WAUKESHA, Wis. - Hiring the wrong moving company can be a financial and emotional nightmare.
Since 2017, the Wisconsin Department of Agriculture, Trade and Consumer Protection (DATCP) has gotten 170 complaints about moving companies. The Better Business Bureau (BBB) warns that consumers can encounter scammers who price gouge or even take their belongings hostage.
Every year, Contact 6 works to resolve issues with moving companies behind the scenes.
Stefanie Harvey knows the importance of hiring the right moving company. She met Contact 6 in July during her family’s fourth week without furniture. They were waiting for their interstate movers to show up.
On June 18, movers in California loaded up Harvey’s belongings onto their truck. On June 24, Harvey arrived at her new Waukesha apartment with her four-year-old daughter, Scout, and then nine-month-old son, Skylar. She thought their movers would arrive that same day. They wouldn’t arrive until July 30.
"I just feel like I was misled and lied-to throughout the whole process," said Harvey.
Any mom with young kids inevitably spends time on the floor. For Harvey, there was no other option. Scout showed Contact 6 the blankets and pillows on the floor in one bedroom where she slept alongside her mom.
"I am getting sick of it, but what can I do at this point?" Harvey told Contact 6.
To get her family’s belongings from California to Waukesha, Harvey hired the interstate broker Discount Van Lines, LLC. That broker found a carrier in Sacramento, A-1 Transportation and Relocation, LLC, which picked up the Harvey family’s stuff.
Contact 6 also found both business have complaints filed with the Federal Motor Carrier Safety Administration (FMCSA), including complaints of ‘deceptive business practices.’
Consumers have filed 28 complaints with the FMCSA against Discount Van Lines in 2022, including 23 complaints claiming deceptive business practices. Consumers have filed ten complaints with the FMCSA about against A-1 Transportation and Relocation, including eight complaints alleging deceptive business practices.
"I was told that my stuff is sitting in a climate-controlled warehouse in California," said Harvey, when she met with Contact 6 in July.
Harvey says she experienced many of the tactics outlined in a BBB study on moving scams. One tactic: a low-ball price estimate, but the actual cost ends up being much higher.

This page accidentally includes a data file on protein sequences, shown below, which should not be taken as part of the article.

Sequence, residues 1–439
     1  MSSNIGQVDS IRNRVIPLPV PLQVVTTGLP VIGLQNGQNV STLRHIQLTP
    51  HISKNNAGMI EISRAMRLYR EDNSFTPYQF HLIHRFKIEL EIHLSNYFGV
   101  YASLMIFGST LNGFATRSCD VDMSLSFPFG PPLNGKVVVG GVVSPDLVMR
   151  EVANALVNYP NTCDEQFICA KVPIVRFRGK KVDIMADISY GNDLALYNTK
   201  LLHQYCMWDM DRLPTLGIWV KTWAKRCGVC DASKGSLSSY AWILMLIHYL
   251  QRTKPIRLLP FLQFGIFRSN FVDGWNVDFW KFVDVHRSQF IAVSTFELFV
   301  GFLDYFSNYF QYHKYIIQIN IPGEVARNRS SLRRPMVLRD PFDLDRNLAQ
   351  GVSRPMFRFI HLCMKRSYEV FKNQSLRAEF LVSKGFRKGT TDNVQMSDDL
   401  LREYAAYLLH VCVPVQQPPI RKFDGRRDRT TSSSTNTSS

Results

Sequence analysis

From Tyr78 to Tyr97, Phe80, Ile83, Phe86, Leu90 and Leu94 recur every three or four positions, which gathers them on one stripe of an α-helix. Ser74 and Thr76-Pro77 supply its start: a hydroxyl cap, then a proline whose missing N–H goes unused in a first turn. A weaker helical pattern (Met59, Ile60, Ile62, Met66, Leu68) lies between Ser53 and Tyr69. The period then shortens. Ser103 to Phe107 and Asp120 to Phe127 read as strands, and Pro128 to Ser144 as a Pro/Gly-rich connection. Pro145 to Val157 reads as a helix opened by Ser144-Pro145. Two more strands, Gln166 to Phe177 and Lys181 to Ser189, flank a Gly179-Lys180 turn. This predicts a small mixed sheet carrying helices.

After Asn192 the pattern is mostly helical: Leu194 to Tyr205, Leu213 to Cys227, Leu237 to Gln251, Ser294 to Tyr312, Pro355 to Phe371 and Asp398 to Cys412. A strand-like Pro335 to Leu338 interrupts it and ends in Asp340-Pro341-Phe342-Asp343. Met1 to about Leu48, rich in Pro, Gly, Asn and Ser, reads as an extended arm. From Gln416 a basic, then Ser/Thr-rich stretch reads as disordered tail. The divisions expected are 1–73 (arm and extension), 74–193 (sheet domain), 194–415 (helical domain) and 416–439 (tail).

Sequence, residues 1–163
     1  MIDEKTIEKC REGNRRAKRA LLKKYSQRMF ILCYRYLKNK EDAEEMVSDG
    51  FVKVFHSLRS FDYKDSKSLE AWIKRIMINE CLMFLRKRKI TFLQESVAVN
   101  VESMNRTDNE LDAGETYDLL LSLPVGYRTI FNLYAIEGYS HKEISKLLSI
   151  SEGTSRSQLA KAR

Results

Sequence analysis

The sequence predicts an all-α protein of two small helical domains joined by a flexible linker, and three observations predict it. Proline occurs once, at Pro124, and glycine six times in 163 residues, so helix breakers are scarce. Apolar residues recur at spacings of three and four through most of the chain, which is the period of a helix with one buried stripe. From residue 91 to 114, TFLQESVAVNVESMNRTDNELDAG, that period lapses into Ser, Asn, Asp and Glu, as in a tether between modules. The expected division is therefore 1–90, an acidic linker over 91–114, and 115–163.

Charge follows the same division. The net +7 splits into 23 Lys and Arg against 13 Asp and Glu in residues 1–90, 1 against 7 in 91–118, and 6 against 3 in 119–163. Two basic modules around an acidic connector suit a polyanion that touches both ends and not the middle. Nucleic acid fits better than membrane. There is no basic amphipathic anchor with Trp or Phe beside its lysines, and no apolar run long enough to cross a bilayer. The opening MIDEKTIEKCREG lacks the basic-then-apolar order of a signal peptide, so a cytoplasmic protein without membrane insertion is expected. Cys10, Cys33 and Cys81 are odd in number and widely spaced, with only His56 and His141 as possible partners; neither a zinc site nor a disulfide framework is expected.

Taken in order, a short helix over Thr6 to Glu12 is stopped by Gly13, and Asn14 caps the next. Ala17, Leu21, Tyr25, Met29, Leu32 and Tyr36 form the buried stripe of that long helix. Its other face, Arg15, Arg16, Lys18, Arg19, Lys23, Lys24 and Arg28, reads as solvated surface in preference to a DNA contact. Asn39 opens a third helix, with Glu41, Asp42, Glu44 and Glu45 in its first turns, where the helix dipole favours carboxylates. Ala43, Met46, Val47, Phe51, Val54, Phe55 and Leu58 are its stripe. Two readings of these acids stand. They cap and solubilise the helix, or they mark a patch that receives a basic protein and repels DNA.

Harvey says she did not get an in-person estimate. To get her quote, Harvey says she listed her belongings over the phone.
"Sometimes with movers, it’s an out-and-out scam. Sometimes, it’s just a miscommunication," said Jim Temmer, BBB of Wisconsin president.
In worst cases, Temmer says movers may inform customers only after their items are loaded that the price has gone up.
"It is like paying ransom," said Temmer.
That’s how Harvey says she ended up signing a contract with A-1 Transportation and Relocation in haste, agreeing to pay $6,400 when she’d been quoted $2,300 by Discount Van Lines.
With most of her belongings already on the truck, Harvey says she was informed her items took up much more cubic feet than anticipated.
"I said, "OK, I guess I don’t have a choice, I guess I have to pay it," said Harvey.
Harvey says she was not informed the cost would be based on cubic feet prior to her moving date. A manager for Discount Van Lines, LLC told reporter Jenna Sachs over the phone that wasn’t true. He also said that Discount Van Lines "had no malicious intent."
DATCP warns consumers to avoid movers that give a verbal quote and not one in writing. It advises avoiding companies with websites without an address, registration and insurance information.
"Before you exchange money. Before they take your belongings, you want to understand what you’re paying for. What the timeframe is," said Lara Sutherlin, administrator of the Division of Trade and Consumer Protection.
Harvey expected her furniture to arrive in June, but her signed contract with A-1 Transportation and Relocation reveals its standard delivery is "up to thirty (30) business weekdays, not including storage time, beginning on the first date indicated as available for delivery (not the date of pickup)."
That’s why Harvey’s moving truck arrived in Waukesha on July 30th, which was 36 days after her family moved in.
Contact 6 reporter Jenna Sachs was on site when Harvey’s items finally showed up in Waukesha. Sachs wanted to speak with the carrier about Harvey’s complaints but the only mover unloading the truck indicated he spoke limited English.
Weeks after their furniture delivery, Harvey’s family is moving on. Their empty apartment is now filled with personal belongings and is starting to feel like a home.
"I feel very relieved about having my belongings. I thought that there was a chance that they wouldn’t come," said Harvey.
Harvey has filed complaints with several government agencies about her broker and carrier.